Grimms' Fairy Tales, originally known as the Children's and Household Tales (German: Kinder- und Hausmärchen, pronounced [ˌkɪndɐ ʔʊnt ˈhaʊsmɛːɐ̯çən]), is a collection of fairy tales by the Grimm brothers or "Brothers Grimm", Jakob and Wilhelm, first published on 20 December 1812. The first edition contained 86 stories, and by the seventh edition in 1857, had 211 unique fairy tales.

Göttingen Seven

The Göttingen Seven (German: Göttinger Sieben) were a group of seven professors from Göttingen. In 1837, they protested against the abolition or alteration of the constitution of the Kingdom of Hanover by Ernest Augustus and refused to swear an oath to the new king of Hanover. The company of seven was led by historian Friedrich Christoph Dahlmann, who himself was one of the key advocates of the unadulterated constitution. The other six were the Germanist brothers Wilhelm and Jacob Grimm (famed fairy tale and folk tale writers and storytellers, known together as the Brothers Grimm), jurist Wilhelm Eduard Albrecht, historian Georg Gottfried Gervinus, physicist Wilhelm Eduard Weber, and theologian and orientalist Heinrich Georg August Ewald.

Lang's Fairy Books

The Langs' Fairy Books are a series of 25 collections of true and fictional stories for children published between 1889 and 1913 by Andrew Lang and his wife, Leonora Blanche Alleyne. The best known books of the series are the 12 collections of fairy tales also known as Andrew Lang's "Coloured" Fairy Books or Andrew Lang's Fairy Books of Many Colors. In all, the volumes feature 798 stories, besides the 153 poems in The Blue Poetry Book.

Andrew Lang (1844–1912) was a Scots poet, novelist, and literary critic. He initially edited the series and wrote prefaces for its entire run, while his wife, the translator and author Leonora Blanche Alleyne (1851 – 10 July 1933), known to friends and family as Nora, assumed editorial control of the series in the 1890s. She and other translators did a large portion of the translating and retelling of the actual stories, as acknowledged in the prefaces. Four of the volumes from 1908 to 1912 were published by "Mrs. Lang".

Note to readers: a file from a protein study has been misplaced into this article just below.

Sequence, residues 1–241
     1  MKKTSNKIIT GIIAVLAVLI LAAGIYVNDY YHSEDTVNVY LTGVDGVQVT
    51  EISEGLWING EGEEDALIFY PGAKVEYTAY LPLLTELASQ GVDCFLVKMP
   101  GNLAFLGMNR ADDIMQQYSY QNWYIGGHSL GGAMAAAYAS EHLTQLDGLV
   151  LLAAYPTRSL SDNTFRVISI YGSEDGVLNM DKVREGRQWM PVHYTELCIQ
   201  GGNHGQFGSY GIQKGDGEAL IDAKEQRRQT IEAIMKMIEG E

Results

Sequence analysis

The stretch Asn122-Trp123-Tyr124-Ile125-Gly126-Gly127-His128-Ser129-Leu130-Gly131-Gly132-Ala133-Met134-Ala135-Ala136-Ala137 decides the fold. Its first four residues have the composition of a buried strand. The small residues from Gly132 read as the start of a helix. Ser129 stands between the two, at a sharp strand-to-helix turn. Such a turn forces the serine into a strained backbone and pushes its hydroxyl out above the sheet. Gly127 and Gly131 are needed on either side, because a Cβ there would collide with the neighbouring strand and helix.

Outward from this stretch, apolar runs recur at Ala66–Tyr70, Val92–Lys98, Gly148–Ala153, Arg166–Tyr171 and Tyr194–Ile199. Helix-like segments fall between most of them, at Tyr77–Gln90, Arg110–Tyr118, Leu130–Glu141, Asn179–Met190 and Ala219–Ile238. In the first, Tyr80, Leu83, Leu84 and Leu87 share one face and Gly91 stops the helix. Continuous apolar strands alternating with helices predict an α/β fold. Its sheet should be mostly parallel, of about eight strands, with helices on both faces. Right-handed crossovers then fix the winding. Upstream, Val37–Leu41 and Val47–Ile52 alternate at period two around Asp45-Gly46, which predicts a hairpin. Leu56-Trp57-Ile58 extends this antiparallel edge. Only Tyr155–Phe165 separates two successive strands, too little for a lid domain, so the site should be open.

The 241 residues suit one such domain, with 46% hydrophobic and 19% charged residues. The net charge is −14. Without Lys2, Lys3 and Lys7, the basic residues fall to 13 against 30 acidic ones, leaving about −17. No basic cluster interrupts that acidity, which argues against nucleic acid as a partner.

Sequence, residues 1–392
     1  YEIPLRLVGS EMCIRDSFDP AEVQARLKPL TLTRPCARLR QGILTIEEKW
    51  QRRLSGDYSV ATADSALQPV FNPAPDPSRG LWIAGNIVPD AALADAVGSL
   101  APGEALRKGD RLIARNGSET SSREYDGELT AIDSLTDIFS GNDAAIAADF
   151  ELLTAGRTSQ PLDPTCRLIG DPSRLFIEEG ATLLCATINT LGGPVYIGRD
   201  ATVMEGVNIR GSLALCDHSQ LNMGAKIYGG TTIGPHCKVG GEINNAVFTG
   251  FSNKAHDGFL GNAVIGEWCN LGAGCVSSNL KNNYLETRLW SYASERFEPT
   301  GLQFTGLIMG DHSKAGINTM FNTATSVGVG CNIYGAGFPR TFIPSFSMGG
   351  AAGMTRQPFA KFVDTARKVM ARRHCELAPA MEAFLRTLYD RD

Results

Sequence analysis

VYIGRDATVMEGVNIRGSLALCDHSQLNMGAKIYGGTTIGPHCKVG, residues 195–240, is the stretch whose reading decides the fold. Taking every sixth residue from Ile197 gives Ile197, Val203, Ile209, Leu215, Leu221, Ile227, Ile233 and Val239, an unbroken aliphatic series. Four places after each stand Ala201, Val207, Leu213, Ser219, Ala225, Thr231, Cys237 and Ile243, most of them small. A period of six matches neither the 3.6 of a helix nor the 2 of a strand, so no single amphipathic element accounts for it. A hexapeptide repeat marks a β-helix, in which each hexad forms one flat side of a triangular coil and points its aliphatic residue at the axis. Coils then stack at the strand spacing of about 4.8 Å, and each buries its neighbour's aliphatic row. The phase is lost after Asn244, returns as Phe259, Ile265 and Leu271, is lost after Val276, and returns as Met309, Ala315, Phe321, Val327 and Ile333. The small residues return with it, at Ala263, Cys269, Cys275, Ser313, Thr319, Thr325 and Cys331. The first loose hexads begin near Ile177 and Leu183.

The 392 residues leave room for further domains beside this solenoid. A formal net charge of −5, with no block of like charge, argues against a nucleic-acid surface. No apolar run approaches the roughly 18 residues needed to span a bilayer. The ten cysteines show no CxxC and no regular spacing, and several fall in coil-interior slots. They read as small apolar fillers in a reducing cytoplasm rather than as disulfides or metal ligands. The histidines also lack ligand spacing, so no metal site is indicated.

According to Anita Silvey, "The irony of Lang's life and work is that although he wrote for a profession—literary criticism; fiction; poems; books and articles on anthropology, mythology, history, and travel ... he is best recognized for the works he did not write."The 12 Coloured Fairy Books were illustrated by Henry Justice Ford — the first two volumes shared with G. P. Jacomb-Hood and Lancelot Speed respectively, and the sequels alone. A. Wallis Mills also contributed some illustrations.

Rapunzel

"Rapunzel" (; German: [ʁaˈpʊnt͡səl]) is a German fairy tale in the collection assembled by the Brothers Grimm, and first published in 1812 as part of Children's and Household Tales. The Grimm Brothers' story is an adaptation of the fairy tale Rapunzel by Friedrich Schulz published in 1790. The Schulz version is based on Persinette by Charlotte-Rose de Caumont de La Force originally published in 1698 which in turn was influenced by an even earlier Italian tale, Petrosinella by Giambattista Basile, published in 1634. Its plot has been used and parodied in various media and its best known line ("Rapunzel, Rapunzel, let down your hair") is an idiom of popular culture. In volume I of the 1812 annotations (Anhang), it is listed as coming from Friedrich Schulz's Kleine Romane, Book 5, pp. 269–288, published in Leipzig 1790.

In the Aarne–Thompson classification system for folktales it is type 310, "The Maiden in The Tower".Andrew Lang included it in The Red Fairy Book. Other versions of the tale also appear in A Book of Witches by Ruth Manning-Sanders and in Paul O. Zelinsky's 1997 Caldecott Medal-winning picture book, Rapunzel and the Disney movie Tangled.

Rapunzel's story has striking similarities to the Persian tale of Rudāba, included in the epic poem Shahnameh by Ferdowsi. Rudāba offers to let down her hair from her tower so that her lover Zāl can climb up to her. Some elements of the fairy tale might also have originally been based upon the tale of Saint Barbara, who was said to have been locked in a tower by her father.Some researchers also proposed a connection to pre-Christian European (or proto-Indo-European) sun or dawn goddess myths, in which the light deity is trapped and is rescued. Extremely similar myths include that of the Baltic solar goddess Saulė, who is held captive in a tower by a king.